Tuesday, March 12, 2013
While the common suggestion is often to “rest” when you are experiencing back pain, a little activity might actually do more for your back than bed rest. If you find a comfortable position while resting, go ahead and stay there for a while. However, get yourself up and moving as soon as possible. You want to train your back to function properly again, and the best way to do that is to move. Do something simple, like walking. You want to avoid any strenuous activities or exercises that might have triggered the pain in the first place.
Think about your posture too. Walk with your back straight, your shoulders back and your head up. This will keep your back aligned and not hunched. The nerves around your spinal column can easily get pinched or compressed if you do not have good posture, creating additional pain on top of what you are already experiencing.
Do strengthening exercises that will build muscles in your back, hips, stomach and shoulders. Stretching out these muscle groups may relieve your back pain. As you continue to exercise these areas and workout any strains or areas of tension, you will be less likely to feel pain in those areas in the future. When they are more flexible and stronger, you’ll feel better. Regular exercise in these areas will also help muscles to repair themselves more quickly. If you do injure yourself, your body will be able to recover faster and more thoroughly if you are doing regular exercises to prevent and treat back pain.
Cardiovascular exercise is also helpful in preventing back pain. Working out your heart muscle will keep you more energetic, providing endurance and promoting a strong, healthy body. Again, you’ll be able to speed up your recovery time if you are doing some sort of aerobic or cardiovascular activity on a regular basis.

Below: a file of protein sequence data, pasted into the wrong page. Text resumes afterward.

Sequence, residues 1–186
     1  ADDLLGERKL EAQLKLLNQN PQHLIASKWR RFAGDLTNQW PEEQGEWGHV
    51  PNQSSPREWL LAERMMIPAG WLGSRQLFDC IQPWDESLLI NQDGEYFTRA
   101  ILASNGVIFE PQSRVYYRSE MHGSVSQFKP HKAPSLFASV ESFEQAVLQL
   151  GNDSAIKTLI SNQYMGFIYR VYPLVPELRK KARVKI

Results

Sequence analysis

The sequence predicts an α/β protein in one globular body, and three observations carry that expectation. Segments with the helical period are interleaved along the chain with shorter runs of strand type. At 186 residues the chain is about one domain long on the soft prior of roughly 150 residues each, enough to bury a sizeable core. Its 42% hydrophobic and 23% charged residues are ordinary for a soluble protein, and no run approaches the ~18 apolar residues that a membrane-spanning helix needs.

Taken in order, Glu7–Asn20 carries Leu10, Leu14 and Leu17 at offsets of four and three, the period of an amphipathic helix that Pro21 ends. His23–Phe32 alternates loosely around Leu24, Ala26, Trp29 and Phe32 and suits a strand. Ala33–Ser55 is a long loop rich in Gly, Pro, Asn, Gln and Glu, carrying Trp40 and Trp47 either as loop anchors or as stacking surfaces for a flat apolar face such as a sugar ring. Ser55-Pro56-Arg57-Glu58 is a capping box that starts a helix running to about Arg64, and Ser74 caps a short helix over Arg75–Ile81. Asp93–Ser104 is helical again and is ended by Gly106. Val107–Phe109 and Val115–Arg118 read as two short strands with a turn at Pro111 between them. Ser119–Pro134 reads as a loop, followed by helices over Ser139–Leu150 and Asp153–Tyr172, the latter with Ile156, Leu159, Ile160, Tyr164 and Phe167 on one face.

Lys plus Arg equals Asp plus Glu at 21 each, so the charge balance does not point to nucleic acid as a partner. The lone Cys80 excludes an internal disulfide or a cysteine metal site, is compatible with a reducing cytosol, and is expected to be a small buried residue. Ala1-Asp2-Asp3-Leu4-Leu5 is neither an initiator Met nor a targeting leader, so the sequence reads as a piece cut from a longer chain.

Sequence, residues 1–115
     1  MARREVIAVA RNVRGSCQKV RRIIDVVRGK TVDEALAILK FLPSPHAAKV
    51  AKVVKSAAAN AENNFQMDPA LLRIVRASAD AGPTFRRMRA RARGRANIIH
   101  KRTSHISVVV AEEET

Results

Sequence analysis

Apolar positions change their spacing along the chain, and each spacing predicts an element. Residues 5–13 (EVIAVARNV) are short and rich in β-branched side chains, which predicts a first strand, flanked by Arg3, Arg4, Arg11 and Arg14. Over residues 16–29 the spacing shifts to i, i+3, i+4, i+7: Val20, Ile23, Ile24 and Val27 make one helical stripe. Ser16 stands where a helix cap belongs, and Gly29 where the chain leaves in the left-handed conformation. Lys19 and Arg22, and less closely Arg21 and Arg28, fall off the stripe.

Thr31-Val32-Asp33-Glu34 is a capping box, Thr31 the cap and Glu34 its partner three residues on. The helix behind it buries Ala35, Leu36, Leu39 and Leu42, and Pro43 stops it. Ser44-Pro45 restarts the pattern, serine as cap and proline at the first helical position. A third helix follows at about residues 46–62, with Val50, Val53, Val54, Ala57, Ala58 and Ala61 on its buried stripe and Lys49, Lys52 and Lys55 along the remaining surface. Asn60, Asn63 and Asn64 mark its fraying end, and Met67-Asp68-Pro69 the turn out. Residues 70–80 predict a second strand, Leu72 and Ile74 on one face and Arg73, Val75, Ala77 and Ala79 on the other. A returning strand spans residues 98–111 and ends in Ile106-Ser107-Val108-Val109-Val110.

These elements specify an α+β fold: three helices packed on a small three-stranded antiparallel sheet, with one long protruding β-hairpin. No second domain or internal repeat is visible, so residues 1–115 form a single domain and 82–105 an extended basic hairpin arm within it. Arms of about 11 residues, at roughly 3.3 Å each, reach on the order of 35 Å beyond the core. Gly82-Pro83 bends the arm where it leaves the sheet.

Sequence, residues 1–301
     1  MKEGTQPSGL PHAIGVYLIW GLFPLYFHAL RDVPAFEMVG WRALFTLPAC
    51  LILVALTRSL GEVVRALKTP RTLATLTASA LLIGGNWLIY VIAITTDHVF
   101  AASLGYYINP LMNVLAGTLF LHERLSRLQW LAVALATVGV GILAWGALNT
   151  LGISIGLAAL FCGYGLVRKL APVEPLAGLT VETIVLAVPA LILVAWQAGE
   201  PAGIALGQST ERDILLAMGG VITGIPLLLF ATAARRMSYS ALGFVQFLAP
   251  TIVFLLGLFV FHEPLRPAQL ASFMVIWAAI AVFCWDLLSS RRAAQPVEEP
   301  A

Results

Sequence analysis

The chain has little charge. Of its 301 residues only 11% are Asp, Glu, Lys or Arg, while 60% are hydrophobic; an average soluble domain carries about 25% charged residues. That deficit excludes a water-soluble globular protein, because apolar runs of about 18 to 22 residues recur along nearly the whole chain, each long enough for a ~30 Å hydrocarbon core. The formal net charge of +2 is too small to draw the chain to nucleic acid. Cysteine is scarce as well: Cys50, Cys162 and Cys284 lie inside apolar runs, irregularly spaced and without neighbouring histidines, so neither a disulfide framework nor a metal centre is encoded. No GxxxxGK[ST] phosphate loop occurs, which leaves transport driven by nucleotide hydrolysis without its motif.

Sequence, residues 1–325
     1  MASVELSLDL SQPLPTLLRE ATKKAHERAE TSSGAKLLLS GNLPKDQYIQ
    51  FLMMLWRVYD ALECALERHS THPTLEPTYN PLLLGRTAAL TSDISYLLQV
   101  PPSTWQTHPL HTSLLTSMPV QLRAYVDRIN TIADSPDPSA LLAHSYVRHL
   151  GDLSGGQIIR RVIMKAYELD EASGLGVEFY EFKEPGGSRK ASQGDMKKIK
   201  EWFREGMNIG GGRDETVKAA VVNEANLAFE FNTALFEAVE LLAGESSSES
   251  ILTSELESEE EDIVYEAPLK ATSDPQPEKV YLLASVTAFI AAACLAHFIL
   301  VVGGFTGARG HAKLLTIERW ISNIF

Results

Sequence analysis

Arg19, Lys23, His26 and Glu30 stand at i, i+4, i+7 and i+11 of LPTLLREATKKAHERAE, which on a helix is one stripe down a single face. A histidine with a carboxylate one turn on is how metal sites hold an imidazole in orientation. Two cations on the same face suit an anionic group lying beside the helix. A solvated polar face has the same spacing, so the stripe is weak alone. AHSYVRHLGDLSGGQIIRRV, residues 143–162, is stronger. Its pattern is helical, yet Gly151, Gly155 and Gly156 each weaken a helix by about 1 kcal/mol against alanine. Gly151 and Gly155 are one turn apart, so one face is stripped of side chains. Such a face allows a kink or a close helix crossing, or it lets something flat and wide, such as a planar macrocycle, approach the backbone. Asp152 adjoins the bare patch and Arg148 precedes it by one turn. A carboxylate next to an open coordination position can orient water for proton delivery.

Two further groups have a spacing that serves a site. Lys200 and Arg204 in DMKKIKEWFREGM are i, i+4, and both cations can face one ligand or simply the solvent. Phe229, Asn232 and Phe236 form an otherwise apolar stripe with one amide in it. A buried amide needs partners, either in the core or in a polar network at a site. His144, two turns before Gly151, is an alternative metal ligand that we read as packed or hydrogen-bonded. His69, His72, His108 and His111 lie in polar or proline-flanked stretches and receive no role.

As you exercise to treat and reduce back pain, focus on your legs, back, shoulders and stomach. Building a strong core will protect your back against injuries and help it to recover faster. As long as you are not doing anything too strenuous, getting regular physical activity will help your back pain a lot more than lying in bed and popping pain pills. You might also have problems with your alignment, so seek treatment from a chiropractor if you are not able to get rid of your back pain in a reasonable amount of time.
This post was written for Pilates for the People by Dr. David Kulla. Dr. Kulla is a licensed NYC Chiropractor and a nutritionist as well as owner of Synergy Wellness in Manhattan.
Thursday, September 27, 2012
In most cases, Pilates will help to alleviate back pain and more importantly, it will help to prevent pain and injury from occurring in the first place.
It's important to note that there are two methods of practicing Pilates: Mat and Apparatus. Mat Pilates is comprised of a series of core focused exercises done on a mat, usually in a group setting. Apparatus Pilates is a system of exercises done on various pieces of equipment - the most widely used being the Reformer. While there are some mat exercises that may be beneficial for back pain, the support provided by the Reformer would be a safer approach.